We use Autolab for releasing all of your grades and we expect you to use it to keep track of your grade status.
We use Piazza for announcements and discussions.
The value of your degree depends on the academic integrity of yourself and your peers in each of your classes. Please read the University Policy on Academic Integrity carefully to understand the penalties associated with academic dishonesty at Carnegie Mellon University.
Academic integrity means that any work you submit for this course is your own. This is critical to your learning. The policy's intention is that you never hand in something you don't understand. Your understanding must be deep enough that, if necessary, you could re-do the work completely on your own. In short, do your own work.
We want you to collaborate with other students only if the collaboration improves your understanding. Therefore, you can talk about the assignments, but no one may take notes or record the discussion. When you write your solution, it should be yours. Go to a separate area and write your own code or answers. Do this individually so that you don't end up copying someone else's work. Your own solution, even if it is incorrect, is much better than someone else's that you don't understand.
When working on programming assignments, do not look at other students' code or show them your own. If you need that kind of help, get it from the course staff. You may discuss your code at a conceptual level; for example, "do we need a loop for this purpose or just an if statement?". You may collaborate on code at a whiteboard, but you may not take notes or photographs; the purpose of the collaboration is to develop your understanding so that you can then solve the problem yourself, on your own. Don't sit side by side with another student as you write your program solutions, as you may be tempted to stay in "locked step" and result in highly similar code.
If the course staff sees similarities between your work and that of another student, we will attempt to understand what happened. Usually this involves asking you to explain your work and how you did it, and to re-create the work or solve a related problem during our meeting.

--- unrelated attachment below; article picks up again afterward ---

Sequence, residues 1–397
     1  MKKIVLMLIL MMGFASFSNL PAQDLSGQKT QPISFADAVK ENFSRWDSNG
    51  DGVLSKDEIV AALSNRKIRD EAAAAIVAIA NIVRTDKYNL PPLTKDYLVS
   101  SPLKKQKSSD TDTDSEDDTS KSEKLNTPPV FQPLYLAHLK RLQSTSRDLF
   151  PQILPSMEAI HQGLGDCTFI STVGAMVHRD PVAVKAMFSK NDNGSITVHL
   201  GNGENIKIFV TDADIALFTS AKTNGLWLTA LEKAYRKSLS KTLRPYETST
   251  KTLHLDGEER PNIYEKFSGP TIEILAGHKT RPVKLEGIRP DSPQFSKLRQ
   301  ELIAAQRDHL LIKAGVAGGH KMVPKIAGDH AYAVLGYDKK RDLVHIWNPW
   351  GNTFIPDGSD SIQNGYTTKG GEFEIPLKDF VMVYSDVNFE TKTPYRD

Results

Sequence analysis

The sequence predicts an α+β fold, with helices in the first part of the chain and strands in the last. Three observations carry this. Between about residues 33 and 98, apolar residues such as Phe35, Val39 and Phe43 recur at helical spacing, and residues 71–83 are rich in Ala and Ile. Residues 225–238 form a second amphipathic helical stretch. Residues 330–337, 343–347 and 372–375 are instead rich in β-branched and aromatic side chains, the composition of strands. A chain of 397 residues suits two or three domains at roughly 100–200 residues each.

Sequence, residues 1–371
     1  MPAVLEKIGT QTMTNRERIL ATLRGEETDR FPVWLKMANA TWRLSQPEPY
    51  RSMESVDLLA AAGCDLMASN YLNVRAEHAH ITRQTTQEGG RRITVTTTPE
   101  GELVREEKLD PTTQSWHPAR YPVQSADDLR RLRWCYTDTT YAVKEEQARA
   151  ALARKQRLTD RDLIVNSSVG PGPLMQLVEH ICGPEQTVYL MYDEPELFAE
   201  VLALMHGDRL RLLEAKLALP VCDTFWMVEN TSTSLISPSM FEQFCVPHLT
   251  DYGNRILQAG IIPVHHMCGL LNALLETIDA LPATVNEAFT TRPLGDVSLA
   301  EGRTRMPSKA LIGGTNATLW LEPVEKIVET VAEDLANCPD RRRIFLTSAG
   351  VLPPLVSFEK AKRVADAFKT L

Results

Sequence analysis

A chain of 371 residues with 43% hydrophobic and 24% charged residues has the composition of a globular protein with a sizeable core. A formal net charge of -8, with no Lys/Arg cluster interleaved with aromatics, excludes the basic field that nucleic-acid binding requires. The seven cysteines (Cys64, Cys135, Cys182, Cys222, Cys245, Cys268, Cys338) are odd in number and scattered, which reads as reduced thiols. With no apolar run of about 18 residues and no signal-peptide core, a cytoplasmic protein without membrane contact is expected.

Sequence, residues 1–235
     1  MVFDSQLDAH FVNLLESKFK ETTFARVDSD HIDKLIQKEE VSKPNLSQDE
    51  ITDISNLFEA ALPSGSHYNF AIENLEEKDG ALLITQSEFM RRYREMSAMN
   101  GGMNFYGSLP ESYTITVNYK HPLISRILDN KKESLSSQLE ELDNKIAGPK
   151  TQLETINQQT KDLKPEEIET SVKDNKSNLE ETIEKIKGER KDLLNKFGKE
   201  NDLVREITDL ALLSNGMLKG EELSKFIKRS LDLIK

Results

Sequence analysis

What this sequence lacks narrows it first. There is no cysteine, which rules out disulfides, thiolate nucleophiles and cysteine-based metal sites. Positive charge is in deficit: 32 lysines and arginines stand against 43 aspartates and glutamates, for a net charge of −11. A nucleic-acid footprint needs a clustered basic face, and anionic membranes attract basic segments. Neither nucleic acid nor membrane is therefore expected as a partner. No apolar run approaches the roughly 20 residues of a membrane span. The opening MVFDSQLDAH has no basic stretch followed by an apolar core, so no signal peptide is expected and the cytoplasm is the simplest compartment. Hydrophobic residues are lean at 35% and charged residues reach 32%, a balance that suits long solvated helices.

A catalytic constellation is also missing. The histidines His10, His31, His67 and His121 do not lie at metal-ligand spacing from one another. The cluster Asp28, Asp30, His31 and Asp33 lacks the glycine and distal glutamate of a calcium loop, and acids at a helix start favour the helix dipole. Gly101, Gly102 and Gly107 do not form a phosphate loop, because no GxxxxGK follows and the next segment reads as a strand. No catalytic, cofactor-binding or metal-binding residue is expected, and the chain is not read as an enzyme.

If you find yourself with little time to finish an assignment, it is better to turn in an incomplete assignment or no assignment than to make the wrong choice and resort to academic dishonesty, as the consequences can be severe.
For exams, your work must be your own with no communication between you and others (except course staff), and you may use only authorized materials.
Often students have trouble keeping up with the workload due to personal issues. If this happens to you, your best action is to see your instructors. We can help you work toward a solution and will be happy to assist.
In this class, cheating, copying, or plagiarism means copying all or part of a program or homework solution from another student or unauthorized source, or knowingly giving such information to another student, or handing in a copy of work that you and another student did together, or giving or receiving unauthorized information during an examination. If you use information from another authoritative resource, you must cite the source of this information (and receive permission if required).
Students who violate this policy will be charged with academic dishonesty that can result in failure in this course and possible expulsion from Carnegie Mellon University. Review the official University Code for more information.
Every student is required to complete the OLI Academic Integrity Module within the first week of classes.
Equal Opportunity Services
Individuals with documented disabilities may be eligible to receive services and accomodations from CMU's Equal Opportunity Services (EOS) office. For more information, please contact Larry Powell, Manager of Disability Services at (412) 268-2013 (voice/TTY).
Take care of yourself